Make an imprint on your love with an original OKC Zoo animal painting. As part of the Zoo’s enrichment program, many animals paint during enrichment sessions with assistance from their caregivers. Be in awe of unique pieces created by elephants, sea lions, gorillas, snakes and more! Find the masterpiece that’s right for your valentine by visiting the Zoo’s Guest Services Office open daily from 9 a.m. to 5 p.m. Proceeds from all paintings support the Zoo’s conservation projects. For more information, call (405) 425-0262.
The OKC Zoo’s Safari Gift Shop offers a wide array of items including children’s books and toys, green or recycled gifts and home décor. Many items available for purchase support local and global conservation, so you can feel good about the gifts your giving. Shop until your heart’s content 9 a.m. to 5 p.m. daily.
We love our animal family and take pride in enriching their lives each and every day. Join us on Friday, February 9 for a special Valentine’s Day enrichment event from 10 a.m. to 2 p.m. Select Zoo animals receive special enrichment treats and eats made with love by their caretakers. Watch your favorite animals’ curiosity take over as they discover and interact with their unique valentines. Free with Zoo admission. Look for the day’s enrichment schedule on your zoo map. For more information, call Guest Services at (405) 425-0262.
All Oklahoma’s talented students in K-12 are eligible to win wild prizes and the chance to have their original art designed on a Dr Pepper vending machine at the Zoo. Come on, get creative! Additional information about this year’s contest theme, 2018 is the Year of the Bird: Celebrate our World’s Winged Wonders, guidelines and entry forms will be available at All submissions must be postmarked by March 31, 2018. Participation if free. For more information, contact Candice Rennels at (405) 425-0298 or
Flock to the Oklahoma City Zoo and Botanical Garden to help wild birds. The OKC Zoo is proud to host its first Great Backyard Bird Count, a global citizen science project that invites people to count native birds and help create a real-time look at wild populations. Participation is easy to do, fun for families and individuals–all ages welcome. Join us on Saturday, February 17 and Monday, February 19 from 10 a.m. to 1 p.m., both days, to assist with counting, identifying the native birds that make their home around the Zoo. Kids will enjoy an on-grounds bird scavenger safari. Visit our information tent in the Global Plaza to learn more about each day’s activities including bird watching tours. All activities are free with Zoo admission. For more information, visit or call (405) 425-0262.

Date/ Day/ Location/ Time/ Registration #/ Instructor

Feb 1/ Thursday/ Okla. City/ 9 am – 3:30 pm/ 951-2277/ Varacchi
Integris 3rd Age Life Center – 5100 N. Brookline, Suite 100
Feb 6/ Tuesday/ Norman/ 9 am – 3:30 pm/ 307-3177/ Palinsky
Norman Regional Hospital – 901 N. Porter Ave.
Feb 9/ Friday/ Okla. City/ 8:30 am – 3 pm/ 470-8963/ Kruck
Baptist Village – 9700 Mashburn Blvd.
Feb 9/ Friday/ Okla. City/ 9 am – 3:30 pm/ 951-2277/ Edwards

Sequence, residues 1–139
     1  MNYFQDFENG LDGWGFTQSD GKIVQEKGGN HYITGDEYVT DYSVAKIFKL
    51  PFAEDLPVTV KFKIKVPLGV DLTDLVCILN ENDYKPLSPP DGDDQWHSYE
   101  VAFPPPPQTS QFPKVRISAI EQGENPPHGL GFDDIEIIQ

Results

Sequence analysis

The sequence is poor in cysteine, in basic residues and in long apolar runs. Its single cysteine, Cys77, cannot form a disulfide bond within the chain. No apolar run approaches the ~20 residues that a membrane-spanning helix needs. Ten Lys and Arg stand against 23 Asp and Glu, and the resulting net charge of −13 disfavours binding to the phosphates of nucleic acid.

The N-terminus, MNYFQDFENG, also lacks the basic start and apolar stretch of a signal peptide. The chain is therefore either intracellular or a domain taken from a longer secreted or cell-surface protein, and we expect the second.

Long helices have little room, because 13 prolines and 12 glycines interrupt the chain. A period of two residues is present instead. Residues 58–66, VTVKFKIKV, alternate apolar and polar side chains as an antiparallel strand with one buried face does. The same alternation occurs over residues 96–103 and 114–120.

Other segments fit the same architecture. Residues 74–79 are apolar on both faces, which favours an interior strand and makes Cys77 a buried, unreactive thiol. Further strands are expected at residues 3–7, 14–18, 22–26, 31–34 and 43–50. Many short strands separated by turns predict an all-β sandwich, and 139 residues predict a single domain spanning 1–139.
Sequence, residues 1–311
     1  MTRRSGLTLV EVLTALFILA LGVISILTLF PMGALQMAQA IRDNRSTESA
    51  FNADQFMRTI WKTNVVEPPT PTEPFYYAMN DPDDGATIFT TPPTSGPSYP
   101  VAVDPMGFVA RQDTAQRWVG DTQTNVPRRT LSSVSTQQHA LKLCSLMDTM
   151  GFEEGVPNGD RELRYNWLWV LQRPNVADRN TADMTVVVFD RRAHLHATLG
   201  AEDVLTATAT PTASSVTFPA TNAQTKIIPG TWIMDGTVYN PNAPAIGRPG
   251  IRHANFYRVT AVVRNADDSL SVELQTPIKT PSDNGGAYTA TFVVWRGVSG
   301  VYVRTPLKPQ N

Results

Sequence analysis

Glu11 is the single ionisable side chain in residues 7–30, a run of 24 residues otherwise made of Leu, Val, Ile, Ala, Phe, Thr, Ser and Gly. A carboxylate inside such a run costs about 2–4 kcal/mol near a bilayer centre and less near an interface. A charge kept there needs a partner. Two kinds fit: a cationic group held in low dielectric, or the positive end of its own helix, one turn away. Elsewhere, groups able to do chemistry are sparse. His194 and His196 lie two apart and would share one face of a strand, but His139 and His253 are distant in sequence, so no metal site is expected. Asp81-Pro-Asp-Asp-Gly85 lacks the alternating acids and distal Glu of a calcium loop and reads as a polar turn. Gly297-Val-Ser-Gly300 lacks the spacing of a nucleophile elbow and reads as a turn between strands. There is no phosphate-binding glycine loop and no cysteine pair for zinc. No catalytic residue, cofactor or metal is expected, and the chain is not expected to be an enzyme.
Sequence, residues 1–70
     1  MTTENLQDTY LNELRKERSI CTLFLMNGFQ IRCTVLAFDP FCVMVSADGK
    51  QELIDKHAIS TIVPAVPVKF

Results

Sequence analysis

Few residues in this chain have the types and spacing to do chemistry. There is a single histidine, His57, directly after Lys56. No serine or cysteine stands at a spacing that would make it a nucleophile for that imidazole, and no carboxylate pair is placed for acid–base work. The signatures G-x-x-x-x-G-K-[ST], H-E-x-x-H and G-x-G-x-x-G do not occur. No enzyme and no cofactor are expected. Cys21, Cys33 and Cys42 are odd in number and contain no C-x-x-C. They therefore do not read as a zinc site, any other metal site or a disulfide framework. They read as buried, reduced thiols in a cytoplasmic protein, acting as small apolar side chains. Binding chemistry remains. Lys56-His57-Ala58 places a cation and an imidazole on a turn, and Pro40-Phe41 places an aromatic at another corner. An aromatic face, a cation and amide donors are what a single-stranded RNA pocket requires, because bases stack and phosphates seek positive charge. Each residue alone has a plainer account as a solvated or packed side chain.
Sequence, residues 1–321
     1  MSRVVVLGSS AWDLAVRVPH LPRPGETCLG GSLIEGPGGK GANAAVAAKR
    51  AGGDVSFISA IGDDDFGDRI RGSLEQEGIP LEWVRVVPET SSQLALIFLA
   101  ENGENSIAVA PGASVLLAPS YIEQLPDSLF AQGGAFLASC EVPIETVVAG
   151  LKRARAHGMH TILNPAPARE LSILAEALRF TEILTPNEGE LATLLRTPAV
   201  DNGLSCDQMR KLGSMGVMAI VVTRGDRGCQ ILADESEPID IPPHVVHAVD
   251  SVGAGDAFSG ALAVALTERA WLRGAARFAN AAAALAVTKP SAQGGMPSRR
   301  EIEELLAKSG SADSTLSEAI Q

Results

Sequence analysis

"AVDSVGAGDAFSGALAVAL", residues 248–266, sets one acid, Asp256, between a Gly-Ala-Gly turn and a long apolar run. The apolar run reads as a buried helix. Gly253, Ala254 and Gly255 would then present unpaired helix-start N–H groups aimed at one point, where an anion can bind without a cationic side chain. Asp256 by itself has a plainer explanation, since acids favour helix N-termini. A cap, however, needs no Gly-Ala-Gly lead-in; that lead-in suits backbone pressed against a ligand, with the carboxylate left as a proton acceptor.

S.W. Medical Center – 4200 S. Douglas, Suite B-10
Feb 21/ Wednesday/ Warr Acres/ 8:30 am – 3 pm/ 789-9892/ Kruck
Warr Acres Community Center – 4301 N. Ann Arbor Ave. Shawnee Senior Center – 401 S. Bell St.
Mar 1/ Thursday/ Okla. City/ 9 am – 3:30 pm/ 951-2277/ Varacchi
Integris 3rd Age Life Center – 5100 N. Brookline, Suite 100
Mar 2/ Friday/ Okla. City/ 9 am – 3:30 pm/ 681-3266/ Hughey
Woodson Park Senior Center – 3401 S. May Ave.
Mar 6/ Tuesday/ Moore/ 9 am – 3:30 pm/ 307- 3177/ Palinsky
Norman Reg. Hosp Moore (Conference Cntr) – 700 S. Telephone Rd
Mar 9/ Friday/ Okla. City/ 9 am – 3:30 pm/ 951-2277/ Edwards
S.W. Medical Center – 4200 S. Douglas, Suite B-10

The prices for the classes are: $15 for AARP members and $20 for Non-AARP. Call John Palinsky, zone coordinator for the Oklahoma City area at 405-691-4091 or send mail to:

Oklahoma Gardeners Association presents Felder Rushing, a 10th generation Southern gardener, author, and speaker known the world over for his quirky and laid-back style of gardening. The public is welcome to join us for this fun and free event at 9:30 am on Wednesday, March 7, at Will Rogers Gardens Exhibition Center, 3400 NW 36th Street, OKC.

Oklahoma Insurance Commissioner John D. Doak. (PRNewsFoto/Oklahoma Insurance Department)

Oklahoma Insurance Commissioner John D. Doak has been named Chair of the National Association of Insurance Commissioners’ (NAIC) Antifraud (D) Task Force. Doak was also named to the International Insurance Relations (G) Committee, Executive (EX) Committee and Property and Casualty Insurance (C) Committee.
“These appointments allow me to tackle critical issues affecting the insurance industry and consumers,” said Doak. “Keeping consumers safe from insurance fraud has been a top priority of mine from day one, so I appreciate the opportunity to find innovative ways to accomplish that goal. Collaboration is the key to success, and I look forward to working with my fellow commissioners across the country over the next year.”